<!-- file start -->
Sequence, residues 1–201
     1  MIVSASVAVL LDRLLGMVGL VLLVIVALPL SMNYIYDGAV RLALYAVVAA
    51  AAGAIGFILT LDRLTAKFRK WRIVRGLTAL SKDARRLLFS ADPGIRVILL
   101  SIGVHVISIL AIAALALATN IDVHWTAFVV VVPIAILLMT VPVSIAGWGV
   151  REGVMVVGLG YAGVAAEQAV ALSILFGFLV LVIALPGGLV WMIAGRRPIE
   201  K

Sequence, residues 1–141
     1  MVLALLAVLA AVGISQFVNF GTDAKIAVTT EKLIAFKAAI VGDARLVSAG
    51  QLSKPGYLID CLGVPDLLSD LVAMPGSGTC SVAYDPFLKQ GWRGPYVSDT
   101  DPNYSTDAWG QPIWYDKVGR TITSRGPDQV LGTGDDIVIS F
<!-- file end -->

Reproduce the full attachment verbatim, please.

Sequence, residues 1–201
     1  MIVSASVAVL LDRLLGMVGL VLLVIVALPL SMNYIYDGAV RLALYAVVAA
    51  AAGAIGFILT LDRLTAKFRK WRIVRGLTAL SKDARRLLFS ADPGIRVILL
   101  SIGVHVISIL AIAALALATN IDVHWTAFVV VVPIAILLMT VPVSIAGWGV
   151  REGVMVVGLG YAGVAAEQAV ALSILFGFLV LVIALPGGLV WMIAGRRPIE
   201  K

Sequence, residues 1–141
     1  MVLALLAVLA AVGISQFVNF GTDAKIAVTT EKLIAFKAAI VGDARLVSAG
    51  QLSKPGYLID CLGVPDLLSD LVAMPGSGTC SVAYDPFLKQ GWRGPYVSDT
   101  DPNYSTDAWG QPIWYDKVGR TITSRGPDQV LGTGDDIVIS F